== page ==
January 23, 2018
Friday, November 4, 2016

The cost of corruption

Lázaro Báez was arrested in April of this year after Federal Judge Sebastián Casanello ruled that he was a flight risk. Báez, pictured shortly after his arrest, has since been indicted on money-laundering charges and remains in custody as part of the investigation into the so-called “K money-trail.”
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By Tomás Brockenshire
Herald Staff

Graft scandals — both in Argentina and the wider region — have cast a shadow over the government’s plans. But will they hold off investment?

The explosion of corruption scandals in Argentina, Brazil and even Chile, involving the upper echelons of the political establishment and emblematic businesses, has raised fresh questions about the interaction of the private and public sectors a time when the three governments in the region are actively seeking foreign investment to boost their economies.

And while the Finance Ministry has announced that there have been promises worth more than US$53 billion for the period 2016-2019 from both local and international sources, structural issues that date back decades mean that Argentina ranks poorly on transparency and anti-bribery indices, potentially slowing the inflows.

The Mauricio Macri administration has staked its political future on an economic revival. In a context in which structural corruption has been joined by major scandals, the question is now if that investment will be affected.

Most experts agree that while some companies will take advantage of potential opportunities to win business using corrupt practices, the majority of investors are looking to avoid the “risk” of being asked for a bribe or a kickback. Put another way, more corruption means less investment.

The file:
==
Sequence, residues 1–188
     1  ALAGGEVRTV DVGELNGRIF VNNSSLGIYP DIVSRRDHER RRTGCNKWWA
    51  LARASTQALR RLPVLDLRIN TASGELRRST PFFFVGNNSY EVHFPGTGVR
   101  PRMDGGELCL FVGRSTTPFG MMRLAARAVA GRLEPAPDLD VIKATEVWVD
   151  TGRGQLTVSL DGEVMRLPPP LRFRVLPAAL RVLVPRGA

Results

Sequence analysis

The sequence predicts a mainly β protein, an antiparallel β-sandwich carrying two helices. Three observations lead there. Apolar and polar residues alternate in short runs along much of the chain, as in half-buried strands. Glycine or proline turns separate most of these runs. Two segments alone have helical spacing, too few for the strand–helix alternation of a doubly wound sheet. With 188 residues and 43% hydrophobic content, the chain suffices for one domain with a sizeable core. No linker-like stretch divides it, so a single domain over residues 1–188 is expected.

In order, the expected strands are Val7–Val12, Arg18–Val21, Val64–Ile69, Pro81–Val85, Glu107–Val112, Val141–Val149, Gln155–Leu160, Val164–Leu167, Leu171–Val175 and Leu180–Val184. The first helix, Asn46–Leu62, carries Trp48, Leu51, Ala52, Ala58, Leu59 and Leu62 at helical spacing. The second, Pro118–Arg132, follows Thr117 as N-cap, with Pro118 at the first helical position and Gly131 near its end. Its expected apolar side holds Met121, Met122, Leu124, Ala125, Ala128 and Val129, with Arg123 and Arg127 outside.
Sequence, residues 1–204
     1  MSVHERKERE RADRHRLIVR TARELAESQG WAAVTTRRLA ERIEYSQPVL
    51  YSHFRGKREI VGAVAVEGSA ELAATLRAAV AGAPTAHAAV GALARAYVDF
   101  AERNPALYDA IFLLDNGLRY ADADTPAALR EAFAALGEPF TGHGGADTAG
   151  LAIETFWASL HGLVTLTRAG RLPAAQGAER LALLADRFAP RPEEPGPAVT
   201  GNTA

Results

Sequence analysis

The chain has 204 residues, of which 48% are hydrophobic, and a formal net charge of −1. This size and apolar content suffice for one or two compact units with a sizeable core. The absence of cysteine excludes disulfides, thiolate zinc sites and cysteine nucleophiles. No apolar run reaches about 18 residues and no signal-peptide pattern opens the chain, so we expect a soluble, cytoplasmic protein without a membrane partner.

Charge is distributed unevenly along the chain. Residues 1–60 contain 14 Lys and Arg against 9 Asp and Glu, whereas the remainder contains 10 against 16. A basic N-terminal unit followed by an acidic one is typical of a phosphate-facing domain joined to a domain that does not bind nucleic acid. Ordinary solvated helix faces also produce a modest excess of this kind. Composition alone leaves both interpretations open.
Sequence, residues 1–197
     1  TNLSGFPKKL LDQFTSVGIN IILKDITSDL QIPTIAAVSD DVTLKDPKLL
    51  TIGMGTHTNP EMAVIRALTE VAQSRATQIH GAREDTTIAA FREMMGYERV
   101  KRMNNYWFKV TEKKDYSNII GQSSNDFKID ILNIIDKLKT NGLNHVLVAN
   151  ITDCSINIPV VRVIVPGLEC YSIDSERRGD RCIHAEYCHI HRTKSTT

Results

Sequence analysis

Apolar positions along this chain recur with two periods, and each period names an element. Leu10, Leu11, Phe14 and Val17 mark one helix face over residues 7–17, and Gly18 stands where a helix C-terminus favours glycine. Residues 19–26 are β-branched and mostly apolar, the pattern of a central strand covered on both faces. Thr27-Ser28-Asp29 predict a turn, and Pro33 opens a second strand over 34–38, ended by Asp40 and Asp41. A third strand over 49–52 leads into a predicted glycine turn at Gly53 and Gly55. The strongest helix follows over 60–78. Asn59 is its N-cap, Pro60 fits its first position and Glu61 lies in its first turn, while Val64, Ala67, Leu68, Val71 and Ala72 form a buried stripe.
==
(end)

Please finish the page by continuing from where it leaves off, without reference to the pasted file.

However, there isn’t a complete consensus on how to tackle corruption, nor how much it truly costs in development nor economic terms. In a bid to turn around the country’s reputation, the government has moved forward on a series of legislative measures aimed at boosting its anti-bribery credentials. These have included the inclusion of whistleblower protections for individuals who report on acts of corruption. The motivations for such legislation seems to come from a combination of interests from both the public and private sectors.



In recent months, corruption scandals have engulfed Brazilian politics. Dilma Rousseff was ostensibly impeached on charges of altering public financial records, though many of her accusers are now facing much more serious criminal corruption charges, including former speaker Eduardo Cunha. The still ongoing Petrobras corruption scandal, in particular, has enraged Brazilians and sparked public anger, with hundreds of lawmakers and key business officials named in investigations.

More locally, former president Cristina Fernández de Kirchner appeared in court just this Monday as part of a probe into determining whether public works contracts awarded during her administration were subject to corrupt practices.

The former president, who has maintained that the accusations are politically motivated and has denied wrongdoing, was summoned and questioned by Federal Judge Julián Ercolini, who has also called a host of Kirchnerite figures before him as part of his investigation.

Additionally, Fernández de Kirchner faces questioning over the Hotesur holding company through which she allegedly received kickbacks from Báez. There is a third case known as Los Sauces, involving alleged irregular rent payments. She has also been indicted in the so-called “dollar futures” probe.

As a result of her appearance in court, prosecutors have now requested that an investigation into alterations made to the financing of the contract for the US$ 3-billion dollar contract to tunnel the Sarmiento train line in Buenos Aires City and Greater Buenos Aires. One of the members of the consortium that will carry out the project is construction firm IECSA, in which Ángelo Calcaterra — the cousin of president Mauricio Macri — has a controlling stake.